[One] factor in the abysmal lack of discernment today is a growing deterioration of the overall level of spiritual maturity in today’s church. As knowledge of God’s truth ebbs, people follow more popular views, seeking feelings and experiences. They are hungry for miracles, healings, and spectacular wonders. They grope for easy and instant solutions to the routine trials of life. They turn quickly from the plain truth of God’s Word to embrace doctrines fit only for the credulous and naive. They chase personal comfort and success. Christianity today may be shallower than at any time in history. . .
Spiritual ignorance and biblical illiteracy are commonplace. That kind of spiritual shallowness is a direct result of shallow teaching. Solid preaching with deep substance and sound doctrine is essential for Christians to grow. But churches today often teach only the barest basics—and sometimes less than that.
Churches are therefore filled with baby Christians—people who are spiritual infants. That is a fitting description, because the characteristic that is most descriptive of an infant is selfishness. Babies are completely self-centered. They scream if they don’t get what they want when they want it. They are aware of only their own needs and desires. They never say thanks for anything. They can’t help others; they can’t give anything. They can only receive. And certainly there is nothing wrong with that when it occurs in the natural stage of infancy. But to see a child whose development is arrested so he never gets beyond the stage of helpless selfishness—that is a tragedy.
And that is exactly the spiritual state of multitudes in the church today. They are utterly preoccupied with self. They want their own problems solved and their own comfort elevated. Their spiritual development is arrested, and they remain in a perpetual state of selfish helplessness. It is evidence of a tragic abnormality.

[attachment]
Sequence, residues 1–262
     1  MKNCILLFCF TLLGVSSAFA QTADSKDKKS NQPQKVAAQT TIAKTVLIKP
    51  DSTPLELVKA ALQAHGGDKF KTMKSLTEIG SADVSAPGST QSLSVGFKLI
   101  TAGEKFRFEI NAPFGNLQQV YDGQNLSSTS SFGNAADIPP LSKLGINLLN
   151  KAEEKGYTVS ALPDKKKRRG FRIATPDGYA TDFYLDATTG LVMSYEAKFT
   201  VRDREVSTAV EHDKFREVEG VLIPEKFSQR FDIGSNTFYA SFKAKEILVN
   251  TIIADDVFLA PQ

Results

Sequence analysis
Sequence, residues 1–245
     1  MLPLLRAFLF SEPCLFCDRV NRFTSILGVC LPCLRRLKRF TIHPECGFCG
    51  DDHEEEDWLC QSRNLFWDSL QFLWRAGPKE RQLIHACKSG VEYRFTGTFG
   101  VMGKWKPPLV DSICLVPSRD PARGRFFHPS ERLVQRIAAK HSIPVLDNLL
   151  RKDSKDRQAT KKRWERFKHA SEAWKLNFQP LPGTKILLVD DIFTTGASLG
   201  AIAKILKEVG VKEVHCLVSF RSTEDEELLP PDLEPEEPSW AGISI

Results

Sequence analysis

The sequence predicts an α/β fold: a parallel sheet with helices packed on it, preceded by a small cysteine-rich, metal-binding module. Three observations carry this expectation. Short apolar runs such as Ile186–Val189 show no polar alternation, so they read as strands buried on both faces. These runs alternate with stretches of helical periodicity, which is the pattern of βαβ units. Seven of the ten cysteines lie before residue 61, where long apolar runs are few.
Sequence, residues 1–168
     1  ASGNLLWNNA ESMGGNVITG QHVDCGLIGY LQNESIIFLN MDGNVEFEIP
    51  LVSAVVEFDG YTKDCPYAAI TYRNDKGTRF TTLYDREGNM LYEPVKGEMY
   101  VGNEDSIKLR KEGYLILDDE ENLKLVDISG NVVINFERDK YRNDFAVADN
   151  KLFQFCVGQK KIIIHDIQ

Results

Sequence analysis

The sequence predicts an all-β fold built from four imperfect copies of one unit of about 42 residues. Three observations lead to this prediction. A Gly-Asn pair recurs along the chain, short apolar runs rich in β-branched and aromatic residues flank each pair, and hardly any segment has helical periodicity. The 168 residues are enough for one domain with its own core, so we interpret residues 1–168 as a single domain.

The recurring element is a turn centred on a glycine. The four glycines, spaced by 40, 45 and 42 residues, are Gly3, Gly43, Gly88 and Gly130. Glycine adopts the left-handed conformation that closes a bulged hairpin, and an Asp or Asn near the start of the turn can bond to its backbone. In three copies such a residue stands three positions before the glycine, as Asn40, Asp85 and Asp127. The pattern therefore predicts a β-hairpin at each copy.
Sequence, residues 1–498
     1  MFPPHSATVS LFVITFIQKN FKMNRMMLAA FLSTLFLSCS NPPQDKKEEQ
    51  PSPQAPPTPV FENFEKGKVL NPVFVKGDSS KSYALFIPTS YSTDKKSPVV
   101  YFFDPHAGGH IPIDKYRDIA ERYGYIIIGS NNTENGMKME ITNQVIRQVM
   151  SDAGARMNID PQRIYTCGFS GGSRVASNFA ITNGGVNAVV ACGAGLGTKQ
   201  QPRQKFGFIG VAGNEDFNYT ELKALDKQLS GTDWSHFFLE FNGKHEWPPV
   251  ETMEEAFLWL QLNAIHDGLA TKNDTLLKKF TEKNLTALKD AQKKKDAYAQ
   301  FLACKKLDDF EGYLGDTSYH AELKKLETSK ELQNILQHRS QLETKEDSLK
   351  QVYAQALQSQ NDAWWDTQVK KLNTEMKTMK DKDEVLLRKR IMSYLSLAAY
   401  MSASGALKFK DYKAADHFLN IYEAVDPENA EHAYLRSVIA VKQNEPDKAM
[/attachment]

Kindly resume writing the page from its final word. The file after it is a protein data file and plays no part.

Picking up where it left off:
Arrested infancy means people do not discern. Just as a baby crawls along the floor, putting anything it finds in its mouth, spiritual babies don’t know what is good for them and what isn’t. Immaturity and lack of discernment go together; they are virtually the same thing.
The tendency to stall in a state of immaturity also existed in New Testament times. Paul repeatedly appealed to Christians to grow up spiritually. In Ephesians 4:14-15, he wrote, “We are no longer to be children, tossed here and there by waves, and carried about by every wind of doctrine, by the trickery of men, by craftiness in deceitful scheming; but speaking the truth in love, we are to grow up in all aspects into Him, who is the head, even Christ” (emphasis added).
How do we grow spiritually? By “speaking the truth in love” to one another. We grow under the truth. It is the same truth by which we are sanctified, conformed to the image of Christ, made to be mature spiritually (John 17:17, 19). As we absorb the truth of God’s Word, we grow up and are built up. We might say accurately that the process of spiritual growth is a process of training for discernment.
Hebrews 5:12-6:1 underscores all this:
Though by this time you ought to be teachers, you have need again for someone to teach you the elementary principles of the oracles of God, and you have come to need milk and not solid food. For everyone who partakes only of milk is not accustomed to the word of righteousness, for he is a babe. But solid food is for the mature, who because of practice have their senses trained to discern good and evil. Therefore leaving the elementary teaching about the Christ, let us press on to maturity.
The writer of Hebrews told his readers, “You’re babies. You’ve been around long enough to be teachers, but instead I have to feed you milk. I have to keep giving you elementary things. You can’t take solid food. You’re not accustomed to the rich things of the Word—and that is tragic.”